The COVID-19 pandemic is changing the way we view health care. It
has brought to the forefront of public conversation sobering truths about how social and racial disparities impact the health outcomes of underserved populations in the United States. Often, we attribute an individual’s health solely to the quality of health care they receive when in fact, a host of factors that occur outside clinical walls can play an even greater role in a person’s well-being. Social Determinants of Health (SDH) are the conditions in which people are born, grow, live, work and age, such as socioeconomic factors, housing, physical environment, education, employment, social support and access to health care. SDH can affect a wide range of health outcomes and quality of life, especially for individuals battling chronic illnesses like epilepsy.
New Research to Understand a Critical Gap in Epilepsy Care
To better understand how the impact of SDH manifests in epilepsy specifically, Arizona State University (ASU) College of Health Solutions and the Population Health Team at UCB, a global biopharmaceutical company focused on creating value for people living with severe diseases, are spearheading novel research to analyze the potential correlation between SDH and epilepsy health outcomes at a community level. This new study aims to uncover ways to better support patients so they can access appropriate treatments. As a clinical assistant professor at ASU and former employee at the Harvard Center for Women’s Health Policy, I have spent most of my career researching and teaching about social determinants, with a focus on how the lived experiences of individuals can result in disparate health outcomes. Through extensive research with my colleague Dr. Joseph Sirven, a professor of neurology at the Mayo Clinic, and the ASU-UCB project team, we have identified a remarkable absence of information about how factors other than health care can influence outcomes for epilepsy patients.
According to research published in Neurology, one-third of newly diagnosed epilepsy patients in the U.S. remain untreated with anti-seizure drugs for up to three years after diagnosis.1 This is a significant treatment gap that increases the risk of medical events, emergency room visits and hospital admissions and can ultimately result in poor health outcomes. The epilepsy community has historically focused on epilepsy diagnoses as a key gap in care, but this study shows even patients with a confirmed diagnosis do not receive treatment in a timely manner. It is critical for the advancement of epilepsy care that we understand why. Studies of health disparities in conditions such as asthma — which like epilepsy is a chronic disease that often features acute episodes – have shown that SDH factors such as low socioeconomic status and poverty have an overwhelmingly negative impact on health outcomes. It is our hypothesis that the same may be true for patients with epilepsy.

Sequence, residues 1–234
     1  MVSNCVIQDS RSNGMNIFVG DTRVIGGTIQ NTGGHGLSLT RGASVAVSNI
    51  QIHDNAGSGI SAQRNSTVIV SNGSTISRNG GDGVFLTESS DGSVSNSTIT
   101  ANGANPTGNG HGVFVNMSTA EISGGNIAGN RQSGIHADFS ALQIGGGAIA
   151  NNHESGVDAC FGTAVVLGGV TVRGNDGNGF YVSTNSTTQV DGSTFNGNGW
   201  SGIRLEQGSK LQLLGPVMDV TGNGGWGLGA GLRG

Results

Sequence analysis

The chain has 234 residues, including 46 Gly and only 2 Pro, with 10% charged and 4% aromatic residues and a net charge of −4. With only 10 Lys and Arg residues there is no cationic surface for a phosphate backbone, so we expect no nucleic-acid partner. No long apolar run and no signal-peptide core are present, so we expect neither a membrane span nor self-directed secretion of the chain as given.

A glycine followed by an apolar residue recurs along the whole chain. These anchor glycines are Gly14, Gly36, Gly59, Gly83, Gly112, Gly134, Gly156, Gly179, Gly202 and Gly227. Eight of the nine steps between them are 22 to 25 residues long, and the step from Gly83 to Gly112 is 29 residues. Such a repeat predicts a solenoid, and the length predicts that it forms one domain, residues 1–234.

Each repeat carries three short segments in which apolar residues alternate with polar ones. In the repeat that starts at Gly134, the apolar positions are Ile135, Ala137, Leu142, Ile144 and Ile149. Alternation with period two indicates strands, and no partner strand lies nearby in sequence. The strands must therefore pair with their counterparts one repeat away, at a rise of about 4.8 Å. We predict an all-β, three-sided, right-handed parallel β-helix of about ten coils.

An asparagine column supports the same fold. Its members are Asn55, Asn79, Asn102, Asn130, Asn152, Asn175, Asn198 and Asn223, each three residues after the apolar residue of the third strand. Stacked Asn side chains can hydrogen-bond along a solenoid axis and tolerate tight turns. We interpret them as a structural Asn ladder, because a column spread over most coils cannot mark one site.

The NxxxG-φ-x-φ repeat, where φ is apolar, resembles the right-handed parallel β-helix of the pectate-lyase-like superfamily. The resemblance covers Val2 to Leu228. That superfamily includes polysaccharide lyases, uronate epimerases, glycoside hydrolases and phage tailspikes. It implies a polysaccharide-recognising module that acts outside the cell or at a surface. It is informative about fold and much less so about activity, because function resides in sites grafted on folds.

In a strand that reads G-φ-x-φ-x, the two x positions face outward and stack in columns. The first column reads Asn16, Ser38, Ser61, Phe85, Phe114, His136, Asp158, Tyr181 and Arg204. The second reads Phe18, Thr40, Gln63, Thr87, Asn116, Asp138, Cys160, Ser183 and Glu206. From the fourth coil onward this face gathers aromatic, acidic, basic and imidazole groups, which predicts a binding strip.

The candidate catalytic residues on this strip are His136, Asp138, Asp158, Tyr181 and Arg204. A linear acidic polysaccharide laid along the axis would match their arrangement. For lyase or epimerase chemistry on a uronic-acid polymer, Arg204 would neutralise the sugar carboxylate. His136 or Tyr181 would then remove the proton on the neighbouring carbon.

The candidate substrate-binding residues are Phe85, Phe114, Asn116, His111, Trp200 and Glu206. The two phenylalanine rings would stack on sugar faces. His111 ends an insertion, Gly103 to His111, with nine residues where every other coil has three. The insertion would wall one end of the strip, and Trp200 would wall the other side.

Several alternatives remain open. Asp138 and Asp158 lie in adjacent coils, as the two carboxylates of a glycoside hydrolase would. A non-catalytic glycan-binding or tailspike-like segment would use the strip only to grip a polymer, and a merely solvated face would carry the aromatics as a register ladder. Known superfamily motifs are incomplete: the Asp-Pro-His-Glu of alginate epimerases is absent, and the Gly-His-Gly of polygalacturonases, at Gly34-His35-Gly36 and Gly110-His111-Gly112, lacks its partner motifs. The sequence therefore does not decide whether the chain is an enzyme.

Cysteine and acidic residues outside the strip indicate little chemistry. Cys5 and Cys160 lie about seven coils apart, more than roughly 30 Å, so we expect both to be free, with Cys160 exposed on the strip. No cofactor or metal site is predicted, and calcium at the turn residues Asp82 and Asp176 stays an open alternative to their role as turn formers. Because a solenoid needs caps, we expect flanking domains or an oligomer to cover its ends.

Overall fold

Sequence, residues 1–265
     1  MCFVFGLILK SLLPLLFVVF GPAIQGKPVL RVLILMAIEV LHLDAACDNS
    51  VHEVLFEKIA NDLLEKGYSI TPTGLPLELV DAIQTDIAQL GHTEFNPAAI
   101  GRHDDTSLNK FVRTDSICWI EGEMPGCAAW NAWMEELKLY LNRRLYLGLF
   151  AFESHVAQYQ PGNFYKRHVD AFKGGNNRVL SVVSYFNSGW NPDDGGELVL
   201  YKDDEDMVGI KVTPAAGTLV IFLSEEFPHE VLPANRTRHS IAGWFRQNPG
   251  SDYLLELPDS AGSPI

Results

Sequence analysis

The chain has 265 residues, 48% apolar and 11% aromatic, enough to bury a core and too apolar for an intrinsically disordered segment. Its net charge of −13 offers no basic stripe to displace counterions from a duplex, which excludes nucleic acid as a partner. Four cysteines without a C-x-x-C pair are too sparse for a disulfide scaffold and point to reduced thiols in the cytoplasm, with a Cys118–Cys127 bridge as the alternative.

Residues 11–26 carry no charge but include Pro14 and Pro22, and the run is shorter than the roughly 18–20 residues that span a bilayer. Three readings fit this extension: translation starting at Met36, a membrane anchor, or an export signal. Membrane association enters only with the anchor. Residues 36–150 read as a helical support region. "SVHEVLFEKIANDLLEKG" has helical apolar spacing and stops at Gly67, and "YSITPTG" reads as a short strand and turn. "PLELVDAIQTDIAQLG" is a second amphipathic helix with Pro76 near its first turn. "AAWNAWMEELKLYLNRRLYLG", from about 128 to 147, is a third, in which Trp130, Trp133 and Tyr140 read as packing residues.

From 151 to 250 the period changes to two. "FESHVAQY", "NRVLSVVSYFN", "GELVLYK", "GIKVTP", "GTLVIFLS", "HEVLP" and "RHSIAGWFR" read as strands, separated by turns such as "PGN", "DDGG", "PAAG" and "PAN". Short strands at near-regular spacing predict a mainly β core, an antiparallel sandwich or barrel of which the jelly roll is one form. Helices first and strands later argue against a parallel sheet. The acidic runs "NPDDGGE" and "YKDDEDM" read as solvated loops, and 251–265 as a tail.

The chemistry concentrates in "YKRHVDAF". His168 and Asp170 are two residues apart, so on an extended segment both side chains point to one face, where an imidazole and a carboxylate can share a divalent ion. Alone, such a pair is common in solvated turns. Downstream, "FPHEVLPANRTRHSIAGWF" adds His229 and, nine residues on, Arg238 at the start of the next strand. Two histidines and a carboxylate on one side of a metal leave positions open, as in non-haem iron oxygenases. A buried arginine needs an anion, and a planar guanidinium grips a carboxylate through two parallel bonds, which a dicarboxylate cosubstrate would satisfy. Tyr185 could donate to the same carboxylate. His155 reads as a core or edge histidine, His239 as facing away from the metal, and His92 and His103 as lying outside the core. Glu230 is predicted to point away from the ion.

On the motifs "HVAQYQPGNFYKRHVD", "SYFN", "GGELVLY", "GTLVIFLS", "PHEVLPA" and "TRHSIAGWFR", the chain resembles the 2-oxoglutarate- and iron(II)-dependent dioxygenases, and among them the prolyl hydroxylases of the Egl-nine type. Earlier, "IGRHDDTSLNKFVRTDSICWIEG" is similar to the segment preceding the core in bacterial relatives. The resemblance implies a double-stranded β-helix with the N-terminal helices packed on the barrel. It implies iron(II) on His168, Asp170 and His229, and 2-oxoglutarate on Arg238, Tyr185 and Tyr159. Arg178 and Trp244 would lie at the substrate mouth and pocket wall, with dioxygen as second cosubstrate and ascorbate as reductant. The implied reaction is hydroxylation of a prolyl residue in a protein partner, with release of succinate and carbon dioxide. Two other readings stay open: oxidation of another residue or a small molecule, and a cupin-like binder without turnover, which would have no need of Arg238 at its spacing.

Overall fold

Evaluating the Role of SDH in the Delay to Treatment for Epilepsy Patients
In Arizona, despite the great strides we have made in closing care gaps for people living with epilepsy, our community is a microcosm of national health care challenges — and in particular the staggering health disparities among socioeconomic, racial, ethnic and geographical groups. The ASU and UCB research will allow us to:
1. Conduct a detailed analysis of SDH across the communities of Arizona.
2. Create an algorithm and predictive statistical model to quantify relationships between SDH and epilepsy treatment delay in the Medicaid population.
3. Build a digital interactive Geographic Information System (GIS) map to overlay SDH factors of interest with the gap between epilepsy diagnosis and treatment for each census tract in Arizona.
Our goal is to uncover key insights for a better understanding around what, if any, SDH are impacting the delay in treatment for some epilepsy patients. By overlaying community level data such as population density, environmental health, proximity to health care, diversity, school graduation rates, poverty, and unemployment, with Medicaid claims data about epilepsy diagnosis, physician specialty and where patients receive care, we can pinpoint which SDH are having the largest impact on health outcomes for patients.
Health disparities are currently one of the most complicated challenges in U.S. health care, and it takes partnerships across a variety of stakeholders to develop effective solutions. Our hope is this exciting research will provide actionable opportunities to close the gap in care related to epilepsy treatment delays. The research findings will allow UCB and others in the epilepsy community to not only fine-tune their approach to improving patient health outcomes, but also play a meaningful role in developing interventions that impact SDH factors influencing a patient’s ability to access the care that drives good health outcomes. Based on the success of the research in Arizona, there is potential to use this research model to evaluate and address the impact of SDH factors in epilepsy in other states — or even scaled nationally — and positively influence the journey of people living with epilepsy.
About the author: Swapna Reddy is a clinical assistant professor at Arizona State University's College of Health Solutions. She is also currently a doctoral candidate at the University of Texas School of Public Health. Reddy serves as faculty at Arizona State University’s Barrett, the Honors College (Medical Studies). Additionally, she is an adjunct assistant professor in Health Care Administration at the Mayo Clinic Alix School of Medicine- Arizona.
1. L. Kalilani, E. Faught, H. Kim, C. Burudpakdee, A. Seetasith, S. Laranjo, D. Friesen, K. Haeffs, V. Kiri, D. Thurman. American Academy of Neurology. Assessment and effect of a gap between new-onset epilepsy diagnosis and treatment. April 10, 2019, DOI: https://doi.org/10.1212/WNL.0000000000007448